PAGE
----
Elite Aetheric Wave Disruptor Rifle Mark I

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IMG_0072 The Elite Aetheric Wave Disruptor Rifle Mark – I

Well ladies and gentlemen I am pleased to announce that I have finished my work on the Elite Aetheric Wave Disruptor Rifle Mark – I, and will deliver it to the Placer County Fairgrounds tomorrow for participation in the Fair.

With all the problems and roadblocks I ran into while doing this project, I’m surprised it turned out so awesome!

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How it works:

The Elite Aetheric Wave Disruptor Rifle Mark – I runs off of 4 D-Cell Batteries that are housed in the main box of the gun.

First: Set firing trigger to the forward position.

Second: Activate the Atheric Coil Capacitors by pressing the left switch forward (The switch with the ‘crystal’ symbol). This will cause the Green LED’s to light up.

Third: Activate the Energy Intermix by pressing the right switch forward (The switch with the ‘Spark’ symbol). This activates the vibration motor mounted in main rifle stock beneath the forward grips.

To Fire: Pull the Trigger. This will ‘Fire’ the weapon by shutting down the LED’s and the  vibration motor. Reset switches for next shot.

 

History and Construction

I began thinking of this project last year in conjunction with a novel I have been working on. One of the characters is a Gearsmith, a tinkerer and artificer who makes devices of cunning and power. I wanted to get into the mind of the artificer so I decided to make a “Steampunk Rifle” as simply as possible.

First, I have used a limited tool set crafting this project. The only powered tools I used were a drill, a cordless Dremel, and a small hand sander. The rest of the tools, saws, Exacto Knives, etc, are all done by hand. I don’t have a garage or other work room, so most of my crafting has been either outside on the driveway or in my living room / dining room.

The rifle itself runs off of 4 “D-Cell” batteries in the main power box, this powers the green LEDs in the Aetheric Coil Tubes, and the vibration motor mounted along the barrel of the rifle.

 

Construction / Crafting

Here are some photos showing the construction of the Mark – I in chronological order.

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This is the Remington 700 SPS Varmint gunstock I got from the Rocklin Armory. I went into their and asked about buying a gun stock.  I told them about my project and the owner gave me this rifle stock that was “behind the filing cabinet” for free!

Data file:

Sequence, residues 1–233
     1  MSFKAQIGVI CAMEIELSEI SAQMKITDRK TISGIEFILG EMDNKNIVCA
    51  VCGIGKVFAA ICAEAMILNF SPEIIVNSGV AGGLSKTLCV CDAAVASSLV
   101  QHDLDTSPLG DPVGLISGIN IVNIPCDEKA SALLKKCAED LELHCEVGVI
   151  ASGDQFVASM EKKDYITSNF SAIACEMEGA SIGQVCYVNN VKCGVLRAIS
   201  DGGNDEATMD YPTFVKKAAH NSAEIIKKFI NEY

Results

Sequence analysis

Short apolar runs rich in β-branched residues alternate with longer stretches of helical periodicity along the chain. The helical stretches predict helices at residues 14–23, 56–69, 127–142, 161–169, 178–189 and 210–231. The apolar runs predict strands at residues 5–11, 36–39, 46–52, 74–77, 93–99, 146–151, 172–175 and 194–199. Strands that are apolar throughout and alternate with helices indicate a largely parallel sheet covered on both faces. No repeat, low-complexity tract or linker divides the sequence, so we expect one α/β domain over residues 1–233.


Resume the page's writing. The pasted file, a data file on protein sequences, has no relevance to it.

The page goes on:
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These show me carefully removing the inserted plastic grips from the gun stock.

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After removing the grips I traced the replacements, cutting them out of leather and stained them.

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I lightly sanded the rifle stock all over so that the paint would stick to the plastic. I then painted it with a “Hammered Brown Krylon” Spray Paint. I did overspray a little. Then I painted the trigger guard with “Hammered Antique Bronze Krylon” Spray Paint. This is a picture of the trigger guard and stock after painting.

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After the leather grips that I stained dried, I superglued them into the rifle stock like the picture above.

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This is the battery box for underneath the gun. I crafted it out of poplar wood with a cherrywood insert. The Sniper “logo” I designed on a computer and then wood burned the logo into the insert.

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I spray painted a couple of clamps “Hammered Antique Copper” and attached them to the rifle stock to affix the copper tube for the gun barrel.

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I used “Special Dark Walnut” wood stain and polyurethaned the various wood parts before assembling them.

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I mounted a vibration motor into the shaft of the rifle stock, having to carve / melt away some of the plastic to make it fit, wedging it in snugly with two small pieces of wood.

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Because of the small space in the rifle stock, the electronics were a bit complicated, making sure not to touch bare wires or connections together.

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A picture of the assembled electronics with the Aether Tubes (i.e. Green LEDs) working.

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A top view of the nearly completed gun minus the barrel.

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A nice side view of the nearly completed rifle.

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The end of the barrel of the rifle with woodwork, bent copper tubing, leather cord and a couple brass fittings.

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A look down the barrel of the rifle.

Some pictures of the final product with a custom display stand I made.

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